Stuff I like!

The Pile

al-the-stuff-i-like:

abiblr:

fucky-str1pe:

themadfangirl:

kieradoe:

whatsortofamandoesntcarryatrowel:

Dad: Why do you think they do that?
Girl: Because the companies who make these try to trick the girls into buying the pink stuff instead of stuff boys want to buy.
[x]

that awkward moment when a child understands the harm of forcing gender roles better than most grown male politicians.

Always reblog.

I’m surprised that I haven’t reblogged this, to be honest.

I love that last gif.  She looks so frustrated.  Like “Um, hello, obviously girls and boys can like anything why doesn’t anybody get that???”

She does have a point though..

Kids who are smarter than adults though.

of course she has a point

(Source: this-isakindness, via nerdy-fandom-girl)

theodd1sout:

This will help you write good.

(via revflooper)

mysweetcupoftea:

HIMYM AU: Barney finds out that Robin works for S.H.I.E.L.D as Agent Hill (Part 1)

(via cosimaniehaus7)

livesandliesofwizards:

Neville’s office isn’t in the castle.  Well, there is technically a room assigned to him (third floor, fifth door on the right, mind the re-located portrait of Sir Cadogan).  But if you needed help with your Herbology assignment or were sent to see the Head of Gryffindor House about that parakeet you snuck into the fifth floor girl’s toilets, you would never find him there.

Neville had a small cottage near the greenhouses.  There had been some grumbling about its creation when Neville first started teaching, but it was hard to argue with the Minister’s favorite advisor who just happened to be a hero.  So the cottage was built and young Mr. Longbottom and his new wife moved onto the Hogwarts grounds.

There was a steady stream of students coming in and out of the little house during class breaks.  Some carried odd potted plants, some looks of guilt etched on their faces, and some simply dropped by to say hello.  The windows had bright curtains and the chimney always cheerfully puffed smoke.  It was hard not to feel welcomed by the cozy exterior.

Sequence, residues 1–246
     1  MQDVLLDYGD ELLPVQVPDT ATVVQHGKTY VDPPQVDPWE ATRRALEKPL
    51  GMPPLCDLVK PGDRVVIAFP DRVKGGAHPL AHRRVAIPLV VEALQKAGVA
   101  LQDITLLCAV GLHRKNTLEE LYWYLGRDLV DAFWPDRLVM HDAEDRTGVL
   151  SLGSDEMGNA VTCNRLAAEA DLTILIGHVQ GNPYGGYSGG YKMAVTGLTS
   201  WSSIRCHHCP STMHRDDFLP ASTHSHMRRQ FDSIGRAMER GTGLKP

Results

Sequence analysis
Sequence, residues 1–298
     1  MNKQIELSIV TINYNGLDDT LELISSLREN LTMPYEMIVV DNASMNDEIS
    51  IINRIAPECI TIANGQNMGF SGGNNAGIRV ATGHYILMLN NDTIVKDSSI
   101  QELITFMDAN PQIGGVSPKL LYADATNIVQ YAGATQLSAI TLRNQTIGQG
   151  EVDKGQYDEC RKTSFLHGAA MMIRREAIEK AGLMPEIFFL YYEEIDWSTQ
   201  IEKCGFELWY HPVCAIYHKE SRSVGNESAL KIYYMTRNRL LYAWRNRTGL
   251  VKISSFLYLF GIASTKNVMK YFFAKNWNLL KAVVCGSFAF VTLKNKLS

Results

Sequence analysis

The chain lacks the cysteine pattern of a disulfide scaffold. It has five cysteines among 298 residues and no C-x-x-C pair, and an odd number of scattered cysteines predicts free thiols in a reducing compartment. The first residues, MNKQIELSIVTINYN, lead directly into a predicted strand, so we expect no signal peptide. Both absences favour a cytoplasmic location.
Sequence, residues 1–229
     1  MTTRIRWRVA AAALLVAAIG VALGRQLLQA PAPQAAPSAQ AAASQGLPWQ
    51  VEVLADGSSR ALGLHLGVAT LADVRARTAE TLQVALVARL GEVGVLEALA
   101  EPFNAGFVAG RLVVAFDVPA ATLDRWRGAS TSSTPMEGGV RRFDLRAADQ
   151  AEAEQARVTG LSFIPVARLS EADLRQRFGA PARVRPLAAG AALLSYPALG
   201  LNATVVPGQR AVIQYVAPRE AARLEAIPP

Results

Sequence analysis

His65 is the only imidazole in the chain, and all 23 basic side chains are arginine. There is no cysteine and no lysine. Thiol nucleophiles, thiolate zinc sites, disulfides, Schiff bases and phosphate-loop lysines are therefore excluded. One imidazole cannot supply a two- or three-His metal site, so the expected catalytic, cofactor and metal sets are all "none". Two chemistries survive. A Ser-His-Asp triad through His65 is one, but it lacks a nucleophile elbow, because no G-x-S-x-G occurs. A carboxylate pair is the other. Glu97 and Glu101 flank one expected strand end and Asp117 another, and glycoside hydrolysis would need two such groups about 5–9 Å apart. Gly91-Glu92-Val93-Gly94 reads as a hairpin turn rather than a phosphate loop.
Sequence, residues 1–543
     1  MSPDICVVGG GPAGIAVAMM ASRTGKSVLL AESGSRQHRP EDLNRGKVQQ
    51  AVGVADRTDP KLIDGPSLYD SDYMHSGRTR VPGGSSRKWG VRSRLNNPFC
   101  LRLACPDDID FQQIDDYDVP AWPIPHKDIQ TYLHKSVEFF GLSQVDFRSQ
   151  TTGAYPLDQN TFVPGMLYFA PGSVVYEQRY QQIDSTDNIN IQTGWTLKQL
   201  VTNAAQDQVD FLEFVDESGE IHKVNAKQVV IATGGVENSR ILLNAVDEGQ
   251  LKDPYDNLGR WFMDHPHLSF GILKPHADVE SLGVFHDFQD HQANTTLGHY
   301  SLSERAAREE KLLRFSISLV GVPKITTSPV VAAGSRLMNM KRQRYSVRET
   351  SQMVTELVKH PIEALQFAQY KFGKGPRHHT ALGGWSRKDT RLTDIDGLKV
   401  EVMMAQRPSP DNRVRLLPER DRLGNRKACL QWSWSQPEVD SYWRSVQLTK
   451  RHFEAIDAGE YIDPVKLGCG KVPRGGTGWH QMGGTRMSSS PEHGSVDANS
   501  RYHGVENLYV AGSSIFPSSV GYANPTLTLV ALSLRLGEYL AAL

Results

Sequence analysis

Things were different after night fell.  Students still weren’t allowed to wander the grounds at night, but everyone turned a blind eye to those who knocked on the cottage door under cover of darkness.  These students carried no gifts and bore no cheery smiles.  Their faces were tear-stained or bruised or fearful.  They were hunched over, trying to make themselves as small as possible.  They knocked on the door with shaking hands and trembling lips. 

When they entered they would find a crackling fire, a squashy armchair, some of Hannah Longbottom’s famous ginger biscuits and a steaming cup of tea.  And they would find Professor Longbottom, smiling kindly.  He heard stories of homesickness, of bullies and taunts, of fears and failures.  He dried tears and patted backs.  And most importantly, he listened.  

He might quietly find a bully and intervene.  He might Apparate from the Three Broomsticks to the nearest Muggle town and place a call to a concerned parent.  He might consult with Madam Pomfrey on the best way to help manage the anxieties of an overwhelmed fifth year.  He might simply sit and give a firm and thoughtful piece of advice.  But this is not why students came to Professor Longbottom’s house when life was bleak and Hogwarts was too much to bear.

They came because he had once, so many years ago, been like them.  And because they, unlike him, would never have to be alone.